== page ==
Artist and photographer Krys Fox was enjoying his July 4th alongside many of his queer friends and beach dwellers at Riis Park in Queens, New York, a long-known safe space for LGBT people, when he was surrounded by more than half a dozen police officers and arrested.
Fox had been photographing a friend at approximately 6:30 p.m. yesterday evening when the towel tied around his waist slipped off. He didn’t have anything on underneath. That’s when a gaggle of cops ran up to him, including at least three who were plain-clothed, and hoisted Fox into the air and carried him off to the police car where we was arrested and taken to jail. He was held for several hours. They didn’t allow him to put his clothes or towel back on before they paraded him through the beach horizontally for all to see.
“It was very quick and very scary,” Fox told me.
A bystander, Mariel Reyes, captured the whole scene on video. She described the incident as, “Absurd, excessive, fucking ridiculous.”
“It’s the worst moment of my life,” Fox said. “My biggest problem is that Riis is my safe space and I’ve been going there for almost a decade. I got married in 2011 almost exactly where I was arrested. I shoot there all summer long and was working on a photo project I was devoting to the Orlando victims.”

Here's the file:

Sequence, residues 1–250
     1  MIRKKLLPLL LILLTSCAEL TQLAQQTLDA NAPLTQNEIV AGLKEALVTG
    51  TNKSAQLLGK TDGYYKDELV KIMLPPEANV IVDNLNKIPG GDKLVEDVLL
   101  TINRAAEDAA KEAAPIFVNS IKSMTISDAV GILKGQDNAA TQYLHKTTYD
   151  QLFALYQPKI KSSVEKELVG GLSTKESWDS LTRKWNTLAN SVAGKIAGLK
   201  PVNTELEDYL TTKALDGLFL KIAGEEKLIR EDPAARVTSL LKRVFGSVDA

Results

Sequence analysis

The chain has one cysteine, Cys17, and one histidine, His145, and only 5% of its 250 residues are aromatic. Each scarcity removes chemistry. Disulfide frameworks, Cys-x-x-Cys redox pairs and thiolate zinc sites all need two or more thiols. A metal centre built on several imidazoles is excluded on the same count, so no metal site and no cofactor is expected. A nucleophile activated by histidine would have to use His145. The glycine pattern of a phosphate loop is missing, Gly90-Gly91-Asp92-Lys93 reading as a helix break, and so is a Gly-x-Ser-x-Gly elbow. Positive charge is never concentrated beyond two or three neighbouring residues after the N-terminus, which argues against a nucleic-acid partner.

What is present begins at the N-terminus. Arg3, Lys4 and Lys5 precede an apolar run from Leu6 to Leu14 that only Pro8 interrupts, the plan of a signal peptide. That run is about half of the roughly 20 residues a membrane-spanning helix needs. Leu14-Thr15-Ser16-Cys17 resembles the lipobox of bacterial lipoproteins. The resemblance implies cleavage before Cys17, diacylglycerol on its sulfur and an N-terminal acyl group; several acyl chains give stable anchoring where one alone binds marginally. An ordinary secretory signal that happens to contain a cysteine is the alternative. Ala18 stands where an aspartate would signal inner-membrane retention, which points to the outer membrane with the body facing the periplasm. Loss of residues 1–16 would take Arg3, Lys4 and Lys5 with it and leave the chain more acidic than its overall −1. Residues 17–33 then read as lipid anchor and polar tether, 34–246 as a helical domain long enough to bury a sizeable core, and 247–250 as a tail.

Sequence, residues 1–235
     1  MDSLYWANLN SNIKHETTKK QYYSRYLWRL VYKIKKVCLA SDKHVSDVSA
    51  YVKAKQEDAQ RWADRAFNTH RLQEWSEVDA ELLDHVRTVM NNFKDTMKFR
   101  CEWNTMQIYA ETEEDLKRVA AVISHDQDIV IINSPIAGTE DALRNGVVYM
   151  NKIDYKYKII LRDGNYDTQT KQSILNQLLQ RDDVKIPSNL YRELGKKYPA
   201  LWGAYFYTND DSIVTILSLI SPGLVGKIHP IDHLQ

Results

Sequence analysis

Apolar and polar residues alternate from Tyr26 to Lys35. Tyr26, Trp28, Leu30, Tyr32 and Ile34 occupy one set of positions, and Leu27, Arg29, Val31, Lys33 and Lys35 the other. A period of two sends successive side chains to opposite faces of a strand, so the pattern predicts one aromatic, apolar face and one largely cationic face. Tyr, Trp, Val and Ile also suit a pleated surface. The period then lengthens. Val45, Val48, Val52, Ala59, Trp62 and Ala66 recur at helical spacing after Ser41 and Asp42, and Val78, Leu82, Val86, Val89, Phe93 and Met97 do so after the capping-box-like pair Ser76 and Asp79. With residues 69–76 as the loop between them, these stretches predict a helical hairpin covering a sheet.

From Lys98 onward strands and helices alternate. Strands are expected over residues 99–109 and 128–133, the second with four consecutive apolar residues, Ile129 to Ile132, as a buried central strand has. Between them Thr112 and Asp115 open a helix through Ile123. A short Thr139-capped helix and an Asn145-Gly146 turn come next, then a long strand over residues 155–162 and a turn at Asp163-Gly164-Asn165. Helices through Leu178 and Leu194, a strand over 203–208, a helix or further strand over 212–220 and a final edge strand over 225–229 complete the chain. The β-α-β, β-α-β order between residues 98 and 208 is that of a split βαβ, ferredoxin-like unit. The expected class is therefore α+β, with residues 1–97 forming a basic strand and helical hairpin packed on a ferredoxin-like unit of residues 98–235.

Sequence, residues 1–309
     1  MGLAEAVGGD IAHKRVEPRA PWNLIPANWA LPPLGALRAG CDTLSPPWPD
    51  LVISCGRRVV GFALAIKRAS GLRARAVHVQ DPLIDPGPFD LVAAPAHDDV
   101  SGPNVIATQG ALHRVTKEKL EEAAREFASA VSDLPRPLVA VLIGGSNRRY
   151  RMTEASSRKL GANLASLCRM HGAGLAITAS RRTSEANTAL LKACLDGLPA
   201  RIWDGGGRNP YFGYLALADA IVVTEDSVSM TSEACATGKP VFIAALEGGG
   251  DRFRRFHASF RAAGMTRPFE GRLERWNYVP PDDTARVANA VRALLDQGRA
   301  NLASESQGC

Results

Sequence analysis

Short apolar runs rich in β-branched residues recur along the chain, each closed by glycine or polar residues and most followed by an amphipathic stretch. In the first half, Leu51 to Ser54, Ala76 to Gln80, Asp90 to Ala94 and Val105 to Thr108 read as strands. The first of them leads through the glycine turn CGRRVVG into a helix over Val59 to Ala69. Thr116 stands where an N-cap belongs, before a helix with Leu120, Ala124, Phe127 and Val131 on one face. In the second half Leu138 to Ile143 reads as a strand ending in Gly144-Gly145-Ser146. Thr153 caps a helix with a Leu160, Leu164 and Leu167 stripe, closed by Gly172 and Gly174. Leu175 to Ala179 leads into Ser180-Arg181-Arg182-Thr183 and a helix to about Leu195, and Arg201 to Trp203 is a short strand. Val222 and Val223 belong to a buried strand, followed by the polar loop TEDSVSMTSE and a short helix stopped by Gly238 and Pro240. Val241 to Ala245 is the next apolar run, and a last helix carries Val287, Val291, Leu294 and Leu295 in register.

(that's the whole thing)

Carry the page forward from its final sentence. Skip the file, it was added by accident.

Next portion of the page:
Fox has never been arrested before or had any run-ins with the law. “I’ve never even gotten a ticket,’ he said.
In a post-Orlando environment, the LGBT community has had understandably mixed feelings about the increased police presence. On the one hand, it feels like the first time the police are guarding safe havens like Stonewall from attackers who might want to harm us, but on the other, the presence of armed, uniformed officers creates a fear-filled atmosphere that reminds us of all the times law enforcement have abused and targeted queers.
It’s not clear why the police had such a large presence on the beach on July 4th, whether stoked by fears about terrorism on a national holiday or in efforts to protect LGBT people, the outcome of this fruitless act is neither noble nor justified. Arresting a gay man for little more than the slip of towel in the once place he has felt truly safe, seems an awful waste of our tax dollars.